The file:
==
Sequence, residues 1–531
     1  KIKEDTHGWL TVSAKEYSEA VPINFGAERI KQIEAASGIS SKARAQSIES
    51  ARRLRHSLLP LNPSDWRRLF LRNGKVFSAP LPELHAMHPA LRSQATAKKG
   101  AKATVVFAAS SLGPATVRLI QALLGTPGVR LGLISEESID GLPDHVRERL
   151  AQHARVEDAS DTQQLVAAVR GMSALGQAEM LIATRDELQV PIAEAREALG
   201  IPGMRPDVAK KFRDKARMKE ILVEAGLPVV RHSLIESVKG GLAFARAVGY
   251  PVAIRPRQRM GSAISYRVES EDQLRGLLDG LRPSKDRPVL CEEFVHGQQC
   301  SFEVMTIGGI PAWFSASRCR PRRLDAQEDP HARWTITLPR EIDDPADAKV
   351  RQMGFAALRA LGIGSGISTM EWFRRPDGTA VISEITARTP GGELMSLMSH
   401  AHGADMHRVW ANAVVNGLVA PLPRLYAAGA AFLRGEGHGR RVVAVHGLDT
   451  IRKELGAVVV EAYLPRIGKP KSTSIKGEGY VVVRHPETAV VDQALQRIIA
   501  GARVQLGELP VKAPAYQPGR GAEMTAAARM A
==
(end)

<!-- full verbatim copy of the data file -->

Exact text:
Sequence, residues 1–531
     1  KIKEDTHGWL TVSAKEYSEA VPINFGAERI KQIEAASGIS SKARAQSIES
    51  ARRLRHSLLP LNPSDWRRLF LRNGKVFSAP LPELHAMHPA LRSQATAKKG
   101  AKATVVFAAS SLGPATVRLI QALLGTPGVR LGLISEESID GLPDHVRERL
   151  AQHARVEDAS DTQQLVAAVR GMSALGQAEM LIATRDELQV PIAEAREALG
   201  IPGMRPDVAK KFRDKARMKE ILVEAGLPVV RHSLIESVKG GLAFARAVGY
   251  PVAIRPRQRM GSAISYRVES EDQLRGLLDG LRPSKDRPVL CEEFVHGQQC
   301  SFEVMTIGGI PAWFSASRCR PRRLDAQEDP HARWTITLPR EIDDPADAKV
   351  RQMGFAALRA LGIGSGISTM EWFRRPDGTA VISEITARTP GGELMSLMSH
   401  AHGADMHRVW ANAVVNGLVA PLPRLYAAGA AFLRGEGHGR RVVAVHGLDT
   451  IRKELGAVVV EAYLPRIGKP KSTSIKGEGY VVVRHPETAV VDQALQRIIA
   501  GARVQLGELP VKAPAYQPGR GAEMTAAARM A